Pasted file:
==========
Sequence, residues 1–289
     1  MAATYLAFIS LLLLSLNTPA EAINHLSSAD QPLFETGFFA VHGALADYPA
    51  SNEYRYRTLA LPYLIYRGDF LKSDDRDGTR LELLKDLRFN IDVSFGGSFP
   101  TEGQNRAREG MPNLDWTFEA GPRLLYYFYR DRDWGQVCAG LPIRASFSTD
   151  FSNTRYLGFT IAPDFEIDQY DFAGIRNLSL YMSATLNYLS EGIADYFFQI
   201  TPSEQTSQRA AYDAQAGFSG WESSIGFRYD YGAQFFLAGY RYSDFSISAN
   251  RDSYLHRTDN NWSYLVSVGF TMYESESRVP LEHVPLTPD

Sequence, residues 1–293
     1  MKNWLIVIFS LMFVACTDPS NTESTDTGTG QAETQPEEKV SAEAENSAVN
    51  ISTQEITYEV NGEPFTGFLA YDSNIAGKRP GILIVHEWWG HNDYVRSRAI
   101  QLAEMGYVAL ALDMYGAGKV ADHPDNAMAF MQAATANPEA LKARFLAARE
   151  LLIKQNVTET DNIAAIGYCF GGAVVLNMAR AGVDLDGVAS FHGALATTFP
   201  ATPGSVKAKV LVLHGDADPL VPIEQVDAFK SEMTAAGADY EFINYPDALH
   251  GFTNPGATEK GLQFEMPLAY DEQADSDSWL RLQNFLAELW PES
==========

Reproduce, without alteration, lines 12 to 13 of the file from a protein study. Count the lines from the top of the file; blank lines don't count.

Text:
   151  LLIKQNVTET DNIAAIGYCF GGAVVLNMAR AGVDLDGVAS FHGALATTFP
   201  ATPGSVKAKV LVLHGDADPL VPIEQVDAFK SEMTAAGADY EFINYPDALH